The socio-economic impact of offshore wind farms is also to be investigate as part of a £3 million scientific research and monitoring fund to study the environmental effects of offshore wind in a real-time environment.
Believed to be the largest-scale offshore wind research programme of its kind and one which will put Scotland at the industry forefront of research and development, the diverse range of projects selected will be based at the European Offshore Wind Deployment Centre in Aberdeen Bay.
Scotland’s largest offshore wind test and demonstration facility, the 11-turbine EOWDC is scheduled to generate first power in Summer 2018.
The successful recipients of a share in the dedicated £3 million fund, up to half of which is being provided by the European Union, include:
The River Dee Trust, Aberdeenshire, and Marine Scotland Science – Assessing the interactions between salmon and sea trout with offshore wind technology. The project aims to help provide unknown information on the extent to which offshore wind farms influence salmon and sea trout.
SMRU Consulting and the University of St Andrews: – Improving understanding of bottlenose dolphin movements along the east coast of Scotland. The project involves undertaking a comprehensive study of bottlenose dolphin movements throughout the development and part of the operational phase of the EOWDC to offer greater insight into bottlenose dolphins.
MacArthur Green, Glasgow: Measuring connectivity between auk special protection areas populations and offshore wind farms, and tracking non-breeding season movements of adult auks. The project aims to demonstrate that this could reduce future uncertainty in impact assessments and improve understanding of how auks engage and co-exist with Offshore Wind Farms. This project will fund a PhD student to work with the research team.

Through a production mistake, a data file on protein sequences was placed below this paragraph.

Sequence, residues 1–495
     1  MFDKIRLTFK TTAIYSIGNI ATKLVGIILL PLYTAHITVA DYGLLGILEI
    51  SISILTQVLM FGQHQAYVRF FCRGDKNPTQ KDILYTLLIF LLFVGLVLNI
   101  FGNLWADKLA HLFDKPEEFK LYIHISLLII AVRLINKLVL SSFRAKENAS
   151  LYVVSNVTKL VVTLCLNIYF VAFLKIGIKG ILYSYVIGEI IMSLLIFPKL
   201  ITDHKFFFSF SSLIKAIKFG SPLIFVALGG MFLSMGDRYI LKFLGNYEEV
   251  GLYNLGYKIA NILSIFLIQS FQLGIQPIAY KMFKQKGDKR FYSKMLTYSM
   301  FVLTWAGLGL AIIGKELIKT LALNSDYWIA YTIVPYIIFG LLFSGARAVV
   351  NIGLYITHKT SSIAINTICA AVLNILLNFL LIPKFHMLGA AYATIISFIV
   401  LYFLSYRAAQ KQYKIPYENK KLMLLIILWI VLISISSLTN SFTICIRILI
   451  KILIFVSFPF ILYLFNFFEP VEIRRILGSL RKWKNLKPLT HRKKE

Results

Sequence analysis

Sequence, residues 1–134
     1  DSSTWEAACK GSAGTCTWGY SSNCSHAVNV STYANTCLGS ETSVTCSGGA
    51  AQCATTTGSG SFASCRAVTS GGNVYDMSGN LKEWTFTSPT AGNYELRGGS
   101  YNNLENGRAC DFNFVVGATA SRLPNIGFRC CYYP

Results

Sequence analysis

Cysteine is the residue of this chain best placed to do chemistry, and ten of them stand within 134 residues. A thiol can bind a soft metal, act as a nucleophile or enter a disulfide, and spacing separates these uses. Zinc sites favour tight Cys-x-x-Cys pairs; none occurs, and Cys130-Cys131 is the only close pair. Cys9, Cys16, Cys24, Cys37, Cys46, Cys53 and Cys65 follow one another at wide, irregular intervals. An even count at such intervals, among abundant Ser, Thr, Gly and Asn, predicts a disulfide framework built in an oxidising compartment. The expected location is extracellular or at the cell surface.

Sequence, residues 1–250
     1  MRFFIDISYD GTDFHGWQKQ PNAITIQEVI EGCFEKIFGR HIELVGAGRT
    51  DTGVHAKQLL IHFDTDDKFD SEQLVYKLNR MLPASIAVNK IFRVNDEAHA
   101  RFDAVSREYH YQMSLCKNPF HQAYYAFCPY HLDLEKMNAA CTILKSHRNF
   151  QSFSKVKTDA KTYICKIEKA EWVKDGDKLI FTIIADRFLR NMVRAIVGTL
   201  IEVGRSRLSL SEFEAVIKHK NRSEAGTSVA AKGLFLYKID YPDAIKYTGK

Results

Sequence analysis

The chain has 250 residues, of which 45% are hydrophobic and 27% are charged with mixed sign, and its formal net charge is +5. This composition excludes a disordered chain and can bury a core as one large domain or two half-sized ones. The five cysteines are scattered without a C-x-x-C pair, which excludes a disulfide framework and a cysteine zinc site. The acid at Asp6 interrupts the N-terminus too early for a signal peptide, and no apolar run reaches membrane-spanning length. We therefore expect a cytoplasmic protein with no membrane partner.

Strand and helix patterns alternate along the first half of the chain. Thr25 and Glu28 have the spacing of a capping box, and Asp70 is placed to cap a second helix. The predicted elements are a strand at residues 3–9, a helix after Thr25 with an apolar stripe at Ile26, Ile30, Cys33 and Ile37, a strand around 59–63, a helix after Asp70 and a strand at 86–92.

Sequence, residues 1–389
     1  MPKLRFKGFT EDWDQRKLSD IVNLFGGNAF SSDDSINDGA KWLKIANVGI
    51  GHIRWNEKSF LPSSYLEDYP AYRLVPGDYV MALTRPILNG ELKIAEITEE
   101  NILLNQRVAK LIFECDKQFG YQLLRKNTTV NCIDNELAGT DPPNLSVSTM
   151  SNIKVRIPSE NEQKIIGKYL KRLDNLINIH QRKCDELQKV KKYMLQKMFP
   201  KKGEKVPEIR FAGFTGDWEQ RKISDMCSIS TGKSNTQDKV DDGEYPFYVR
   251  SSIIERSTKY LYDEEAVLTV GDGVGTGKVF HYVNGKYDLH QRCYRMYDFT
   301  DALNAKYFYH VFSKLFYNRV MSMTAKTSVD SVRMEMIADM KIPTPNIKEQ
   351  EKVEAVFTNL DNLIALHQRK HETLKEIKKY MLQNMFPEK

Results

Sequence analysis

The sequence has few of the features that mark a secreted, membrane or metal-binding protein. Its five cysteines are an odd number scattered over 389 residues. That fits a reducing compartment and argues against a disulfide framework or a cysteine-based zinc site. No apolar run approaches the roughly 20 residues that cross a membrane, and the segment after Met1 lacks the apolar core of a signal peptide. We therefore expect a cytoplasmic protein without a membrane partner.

Oxford Brookes University:The socio-economic impact of offshore wind on the human environment. The project will analyse the socio-economic effects of the EOWDC from the construction stage through to becoming fully operational to help better understand how offshore wind developments can be maximised to benefit the region and local communities.
A spokesman for the European Offshore Wind Deployment Centre explained: “The announcement of these successful projects – including three in Scotland – is an exciting one with each having the potential to unlock fascinating new insights into the offshore wind environment and determine influencing environmental factors.
“The 92.4MW EOWDC test and demonstration facility offers an unmissable opportunity to conduct this pioneering research and monitoring programme. We are pleased to be facilitating such innovative research in Grampian region which will bring considerable benefits to the area as well as the industry and policy-making.”
Almost 100 applications from across the UK and overseas were submitted for the research programme with a shortlist of 16 selected by a specialist scientific panel comprised of environmental agencies, scientists, AREG and representatives of Vattenfall.
Professor Stuart Gibb, chairman of the Scientific Panel and director of the Environmental Research Institute at Highlands university, said: “We believe those projects that have been successful will effectively inform development of the EOWDC facility and deliver real, tangible data that increases our understanding of the relationship between offshore renewable energy developments and the environment.
“Such knowledge will be highly effective in informing future planning and consenting activities.”